8/27 - Productive Week in my Motherland
At 2:10 pm on August 21st, I arrived at Narita airport in Japan. I had a few reasons to come to Japan. The main reason was that I had several tasks to do this summer, and I came to the conclusion that I could do only them here. I came via United Airlines and had to fly to San Francisco before coming to Narita, which meant that it was an extremely long and painful flight. I usually don't talk to anyone while I travel by plane, train or bus, because I love the solitude of travel, but strangely enough, I acquainted myself with several people this time. Two of them were a couple who live in Langley. We started the conversation about where the three of us live, and then, they told me the reason they were traveling to Japan. One of their sons lives in Mito, a city located in the north of Tokyo. Mito is a famous place for good natto ( fermented beans). I asked them if they knew that fact. They said "yes" as I had expected. It is a very famous product there. Then, I asked them another question, "Do you like it?" Again, their answer was as I expected. "No!" In fact, Westerners who like natto are extremely rare, and most of them think it stinks. As I got off the flight I sent them off with a hearty admonition to "Enjoy natto over there."
After I went through customs, I got a sim card from Soft Bank (major cell phone company there) and inserted it into my 3G cell phone. I went to the train station located under the airport and called my brother. (I had to do it from the platform before the train left, because calling in the train is banned in Japan). The train was late 30 minutes and it made me tired. After the train arrived at Shinjyuku station, I took another train to the station where I was to meet my brother. When I left Shinjyuku, the weather was extremely bad. There was a thunder storm and t lightening hit the electric wire that conducts the train. The train stopped for some time, I was frustrated and angry, because I had already had a long and tiresome trip. I wanted to scream, "Let me go to my brother's place so I can sleep!" Thanks to God, they fixed the problem within 20 minutes and the train was moving again. When I arrived at my brother's place, I was so exhausted that I went to bed right away.
Next morning, I went to the Japan Times, to meet someone there to discuss my ideas to create a new materials for my Japanese class. I established an e-mail address through which I can start a dialogue. It was just a beginning, but the visit was quite fruitful. On the afternoon of the same day, I went to the library of the Tokyo Union Theological Seminary, located in Mitaka area. I found several books on the topic I am engaging in the book I am writing. I picked three of them and copied several pages. Few days after, I went to Yasukuni Shrine, purchased a book to introduce what Yasukuni believes and collected several free pamphlets as well.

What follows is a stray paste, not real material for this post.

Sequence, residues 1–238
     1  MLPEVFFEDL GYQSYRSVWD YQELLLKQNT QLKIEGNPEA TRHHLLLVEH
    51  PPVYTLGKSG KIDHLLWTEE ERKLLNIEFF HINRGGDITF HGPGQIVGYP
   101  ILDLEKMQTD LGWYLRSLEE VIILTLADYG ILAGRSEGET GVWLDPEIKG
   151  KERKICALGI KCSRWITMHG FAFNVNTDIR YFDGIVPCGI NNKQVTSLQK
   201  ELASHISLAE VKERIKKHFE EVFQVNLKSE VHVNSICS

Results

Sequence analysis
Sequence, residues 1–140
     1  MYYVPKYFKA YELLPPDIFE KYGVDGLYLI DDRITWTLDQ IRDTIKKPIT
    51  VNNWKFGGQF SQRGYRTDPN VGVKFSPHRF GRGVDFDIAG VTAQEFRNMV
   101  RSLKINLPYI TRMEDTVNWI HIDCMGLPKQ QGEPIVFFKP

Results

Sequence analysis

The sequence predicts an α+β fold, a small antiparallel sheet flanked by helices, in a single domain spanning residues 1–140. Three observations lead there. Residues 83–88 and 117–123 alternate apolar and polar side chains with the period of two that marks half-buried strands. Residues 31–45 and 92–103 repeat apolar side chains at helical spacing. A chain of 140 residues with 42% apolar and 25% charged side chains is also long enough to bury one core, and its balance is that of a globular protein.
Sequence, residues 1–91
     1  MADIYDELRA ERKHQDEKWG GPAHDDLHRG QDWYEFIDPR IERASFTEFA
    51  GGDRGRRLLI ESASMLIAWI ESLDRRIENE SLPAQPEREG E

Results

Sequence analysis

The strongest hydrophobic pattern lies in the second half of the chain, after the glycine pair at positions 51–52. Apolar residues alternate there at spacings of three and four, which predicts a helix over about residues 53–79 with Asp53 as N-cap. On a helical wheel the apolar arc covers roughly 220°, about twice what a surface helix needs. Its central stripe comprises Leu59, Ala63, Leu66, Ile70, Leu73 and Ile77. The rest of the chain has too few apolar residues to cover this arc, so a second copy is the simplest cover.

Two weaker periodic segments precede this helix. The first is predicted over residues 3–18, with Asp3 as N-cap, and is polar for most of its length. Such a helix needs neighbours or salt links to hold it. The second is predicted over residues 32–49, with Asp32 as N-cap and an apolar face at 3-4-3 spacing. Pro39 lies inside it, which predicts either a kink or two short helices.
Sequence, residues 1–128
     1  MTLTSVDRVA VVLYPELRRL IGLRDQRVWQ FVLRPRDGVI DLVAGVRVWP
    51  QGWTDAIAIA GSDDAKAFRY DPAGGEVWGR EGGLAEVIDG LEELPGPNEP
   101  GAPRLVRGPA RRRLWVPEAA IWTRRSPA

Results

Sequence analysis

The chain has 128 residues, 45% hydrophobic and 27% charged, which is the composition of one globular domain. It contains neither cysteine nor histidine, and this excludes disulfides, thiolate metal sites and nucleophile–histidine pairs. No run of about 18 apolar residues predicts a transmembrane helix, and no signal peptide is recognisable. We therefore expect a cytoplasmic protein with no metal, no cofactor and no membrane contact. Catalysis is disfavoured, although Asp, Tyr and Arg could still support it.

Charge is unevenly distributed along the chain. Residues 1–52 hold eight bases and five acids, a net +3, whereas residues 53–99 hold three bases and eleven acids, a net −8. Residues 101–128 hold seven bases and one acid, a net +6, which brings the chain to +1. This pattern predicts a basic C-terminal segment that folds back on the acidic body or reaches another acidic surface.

See Food Diet
I am thankful to God that I finished two major tasks in the same day. The only problem I encountered that day was that I had eaten too much. I had the "see food diet". I ate everything I saw. That day, I rode train for a long distance and walked a lot in many different areas of Tokyo. Japan has numerous types of "convenience stores". These stores are a very important part of ther culture. If you walk around a town, you will encounter one every 5 minutes. You might also encounter the temptation to walk in, buy, and eat the food there. I have to confess that I yielded to these temptations many times, and consumed many 'lunches'. I also had a chance to see many old friends and acqueintance in a short week. I had a feeling like a "time slip" or travelling to the past from a "time rift." However, when I looked at my watch, I was still in the late August of the year 2008. (The picture underneath was taken when I had a reunion with my very old friends).
Blowfish Meal: In the evening, I went to a blow fish restaurant named "Torafugu Tei". I ate "Fugu Meshi" or blowfish rice. It was shredded blowfish meat and skin, with ground taro root and egg yoke, served on a bowl of rice. The waiter asked me to mix it like Korean Bibimba before eating. I also had a chance to eat an appetiser of blowfish skin. The taste of both the main dish and appetiser was excellent! In my opinion it was a foretaste of the eternal Kingdom. I ate more than 5 times that day, but the only thing I could recall vividly was the delicious blow fish with that heavenly taste. I also discovered that my belt became a bit tighter that day. The following pictures are blowfish, rice and other delicious foods I ate after I arrived in Tokyo.